- When agitated, snapping turtles have a tendency to use their strong beaks and snap at the annoyance. Once a snapping turtle bites something, its jaws lock, and it does not let go. They are very difficult to handle because their head and tail can stretch to two thirds the length of its shell, which allows it to easily move its head to bite.
- Box turtle males usually have bright red eyes while females have brownish-orange eyes. This is not always 100% accurate.
- The Northern diamondback terrapin is the only species of turtle in North America that spends its life in brackish water (water that is less salty than seawater).
- Stinkpots have glands that produce a foul-smelling fluid that is used for defense.
- The eastern chicken turtle is endangered in the state of Virginia and is primarily found in southeastern parts of the state.
Lakes and ponds, rivers and streams, coastal areas, marshes and swamps, estuaries
Fish, frogs, rodents, insects, crayfish, eggs
15-25-lbs / 3 to 3.5 ft
Continental United States
Badgers, skunks, minks, wolverines, otters, weasels
Turtles are part of the order of Testudines, which are characterized by their bony shells. Their shells are skin-covered bones covered by horny scales and serve as their primary protection against predators. All turtles lack teeth but still have a sharp bite from the hard edges of their jaws. Like other reptiles, turtles are cold-blooded. This means that their body temperatures are regulated by the environment around them. In order to warm themselves, turtles will bask in the sun on rocks or logs sticking out of the water. These water-dwelling creatures are native to the James River Watershed and the Chesapeake Bay area in Virginia.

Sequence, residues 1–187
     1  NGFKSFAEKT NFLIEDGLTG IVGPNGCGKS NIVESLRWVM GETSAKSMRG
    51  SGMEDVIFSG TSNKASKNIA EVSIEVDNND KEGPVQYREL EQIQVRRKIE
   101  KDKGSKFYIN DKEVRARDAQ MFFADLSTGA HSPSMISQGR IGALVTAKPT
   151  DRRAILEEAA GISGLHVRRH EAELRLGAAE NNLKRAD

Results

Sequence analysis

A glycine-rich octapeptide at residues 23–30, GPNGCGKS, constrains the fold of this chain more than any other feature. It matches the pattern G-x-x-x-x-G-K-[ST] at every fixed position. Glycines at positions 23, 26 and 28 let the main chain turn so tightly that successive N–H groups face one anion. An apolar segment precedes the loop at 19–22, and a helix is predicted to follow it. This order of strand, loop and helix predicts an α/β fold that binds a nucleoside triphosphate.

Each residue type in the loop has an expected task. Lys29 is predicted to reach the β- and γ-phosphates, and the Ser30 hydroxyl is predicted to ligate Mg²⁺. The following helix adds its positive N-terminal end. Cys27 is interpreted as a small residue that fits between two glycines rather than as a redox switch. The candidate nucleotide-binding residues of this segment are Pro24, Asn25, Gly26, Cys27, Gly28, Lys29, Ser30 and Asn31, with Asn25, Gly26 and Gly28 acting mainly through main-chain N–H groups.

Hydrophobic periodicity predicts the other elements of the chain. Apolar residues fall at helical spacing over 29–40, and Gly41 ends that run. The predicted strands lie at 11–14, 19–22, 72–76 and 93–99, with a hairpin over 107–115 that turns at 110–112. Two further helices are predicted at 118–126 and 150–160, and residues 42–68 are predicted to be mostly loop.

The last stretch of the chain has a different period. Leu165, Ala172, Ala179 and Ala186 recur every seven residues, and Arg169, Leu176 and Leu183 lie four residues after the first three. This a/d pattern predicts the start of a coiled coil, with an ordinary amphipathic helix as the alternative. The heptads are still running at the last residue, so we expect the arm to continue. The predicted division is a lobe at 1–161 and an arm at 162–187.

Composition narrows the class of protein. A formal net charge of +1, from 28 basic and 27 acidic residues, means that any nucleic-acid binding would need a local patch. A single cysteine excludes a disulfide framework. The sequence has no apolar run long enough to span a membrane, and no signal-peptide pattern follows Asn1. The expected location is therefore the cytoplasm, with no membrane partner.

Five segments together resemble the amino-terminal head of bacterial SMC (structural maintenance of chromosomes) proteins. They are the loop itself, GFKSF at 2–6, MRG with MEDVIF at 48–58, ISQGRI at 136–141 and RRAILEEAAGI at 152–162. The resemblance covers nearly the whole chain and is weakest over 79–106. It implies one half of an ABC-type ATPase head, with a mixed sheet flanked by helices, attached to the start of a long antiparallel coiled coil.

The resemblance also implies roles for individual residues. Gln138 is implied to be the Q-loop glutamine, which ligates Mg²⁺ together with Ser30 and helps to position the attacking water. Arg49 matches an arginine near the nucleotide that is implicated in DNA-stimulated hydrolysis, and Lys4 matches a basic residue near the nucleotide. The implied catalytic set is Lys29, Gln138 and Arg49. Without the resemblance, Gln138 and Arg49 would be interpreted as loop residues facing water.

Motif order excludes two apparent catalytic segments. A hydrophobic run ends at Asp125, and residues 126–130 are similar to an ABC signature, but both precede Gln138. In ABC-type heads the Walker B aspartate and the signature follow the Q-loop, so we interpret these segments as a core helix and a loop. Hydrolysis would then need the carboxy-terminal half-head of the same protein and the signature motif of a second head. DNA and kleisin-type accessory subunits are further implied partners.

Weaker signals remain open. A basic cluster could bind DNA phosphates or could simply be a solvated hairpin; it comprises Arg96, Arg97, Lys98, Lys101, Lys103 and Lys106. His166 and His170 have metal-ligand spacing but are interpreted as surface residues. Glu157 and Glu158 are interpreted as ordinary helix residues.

The Robins Nature Center is home to seven turtle species including the snapping turtle (Chelydra serpentina serpentina), stinkpot (Sternotherus odoratus), eastern river cooter (Chrysemys concinna concinna), eastern painted turtle (Chrysemys picta picta), red-eared slider (Trachemys scripta elegans), spotted turtle (Clemmys guttata), diamondback terrapin (Malaclemys terrapin terrapin), and eastern box turtle (Terrapene carolina carolina).
The snapping turtle is the biggest turtle we have at the Nature Center, capable of reaching up to 75 pounds and 1.5 feet long! This turtle can be found throughout Virginia and most of the United States. Today’s snapping turtles have hardly changed from 215 million years ago when Proganochelys, the most primitive turtle known, lived. Proganochelys already had most of the features of today’s turtles but lacked the ability to pull its head and legs into its shell. In comparison, the age of the dinosaurs was approximately 150 million years ago, 100 million years more recent than the first turtle. Turtles were one of the few reptile groups, which survived the impact of a six-mile wide meteorite on earth and the following nuclear winter about 65 million years ago, which is known as the K-T boundary. To put things into perspective: early humans evolved a mere short 3.5 million years ago.